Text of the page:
(a) a demand on health services or social services for which the anticipated costs would likely exceed average Canadian per capita health services and social services costs over a period of five consecutive years immediately following the most recent medical examination required by these Regulations, unless there is evidence that significant costs are likely to be incurred beyond that period, in which case the period is no more than 10 consecutive years; or
(b) a demand on health services or social services that would add to existing waiting lists and would increase the rate of mortality and morbidity in Canada as a result of an inability to provide timely services to Canadian citizens or permanent residents.
The 2017 excessive demand threshold is $6,655 per annum.
Individualized vs. Generalized Risk
The leading case on the “excessive demand” provisions of IRPA is Hilewitz v. Canada (Minister of Citizenship and Immigration). There, the Supreme Court declared that immigration officers have to make assessments that take into account the circumstances of the foreign national, instead of making generic assessments about general health conditions.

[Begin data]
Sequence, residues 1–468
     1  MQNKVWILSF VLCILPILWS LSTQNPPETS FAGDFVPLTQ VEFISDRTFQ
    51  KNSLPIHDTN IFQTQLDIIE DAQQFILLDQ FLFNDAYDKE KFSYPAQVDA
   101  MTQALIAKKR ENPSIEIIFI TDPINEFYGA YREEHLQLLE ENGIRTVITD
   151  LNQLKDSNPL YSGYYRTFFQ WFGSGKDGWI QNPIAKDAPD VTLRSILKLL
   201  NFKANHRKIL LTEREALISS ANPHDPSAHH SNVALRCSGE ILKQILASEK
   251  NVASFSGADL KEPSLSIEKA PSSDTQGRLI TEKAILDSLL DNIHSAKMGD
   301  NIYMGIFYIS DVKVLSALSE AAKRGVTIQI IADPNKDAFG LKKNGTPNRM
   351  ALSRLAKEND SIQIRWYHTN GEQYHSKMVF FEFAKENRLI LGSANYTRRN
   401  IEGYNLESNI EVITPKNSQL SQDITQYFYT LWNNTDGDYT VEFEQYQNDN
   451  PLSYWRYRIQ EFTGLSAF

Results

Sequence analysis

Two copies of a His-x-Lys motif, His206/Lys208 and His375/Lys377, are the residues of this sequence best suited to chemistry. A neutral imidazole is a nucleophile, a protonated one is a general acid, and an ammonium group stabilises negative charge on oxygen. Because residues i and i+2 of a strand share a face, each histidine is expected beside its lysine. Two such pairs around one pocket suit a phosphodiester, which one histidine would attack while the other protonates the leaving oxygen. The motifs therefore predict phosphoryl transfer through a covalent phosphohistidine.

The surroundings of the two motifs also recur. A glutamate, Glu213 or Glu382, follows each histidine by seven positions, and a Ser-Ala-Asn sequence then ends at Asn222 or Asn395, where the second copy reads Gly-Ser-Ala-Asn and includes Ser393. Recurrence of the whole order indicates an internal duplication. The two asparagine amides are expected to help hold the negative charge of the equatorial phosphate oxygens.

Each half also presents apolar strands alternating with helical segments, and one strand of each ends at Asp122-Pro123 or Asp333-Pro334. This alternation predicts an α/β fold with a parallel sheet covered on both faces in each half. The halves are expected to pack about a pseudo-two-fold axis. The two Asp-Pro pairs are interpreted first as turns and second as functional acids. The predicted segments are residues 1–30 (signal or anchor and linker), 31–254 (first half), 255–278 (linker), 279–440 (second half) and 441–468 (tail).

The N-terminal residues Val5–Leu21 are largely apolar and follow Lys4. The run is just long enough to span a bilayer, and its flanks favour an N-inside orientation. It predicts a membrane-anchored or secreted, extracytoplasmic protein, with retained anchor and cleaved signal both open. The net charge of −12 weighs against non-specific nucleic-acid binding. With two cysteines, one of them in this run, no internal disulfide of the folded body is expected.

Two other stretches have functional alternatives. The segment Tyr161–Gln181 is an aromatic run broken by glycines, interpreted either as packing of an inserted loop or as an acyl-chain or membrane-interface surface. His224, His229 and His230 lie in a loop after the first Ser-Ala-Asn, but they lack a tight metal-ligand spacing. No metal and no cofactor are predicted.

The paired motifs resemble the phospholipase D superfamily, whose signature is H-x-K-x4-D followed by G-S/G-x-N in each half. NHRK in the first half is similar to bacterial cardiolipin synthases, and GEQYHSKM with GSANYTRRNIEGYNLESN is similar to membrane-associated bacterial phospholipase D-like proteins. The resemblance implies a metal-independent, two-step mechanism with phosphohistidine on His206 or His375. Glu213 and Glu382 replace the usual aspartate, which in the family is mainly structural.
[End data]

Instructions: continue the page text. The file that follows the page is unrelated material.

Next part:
The reasoning for the individual approach as opposed to the generic one is that the latter necessarily results in the prohibition of entry for all persons who are intellectually or medically disabled, regardless of family support or assistance, and regardless of whether they pose any reasonable likelihood of actually excessively burdening Canada’s social and health services. Such an interpretation clearly disregards a family’s actual circumstances, does not actually evaluate whether an individual poses a risk, and replaces the provision’s protective purpose with a “cookie-cutter” methodology.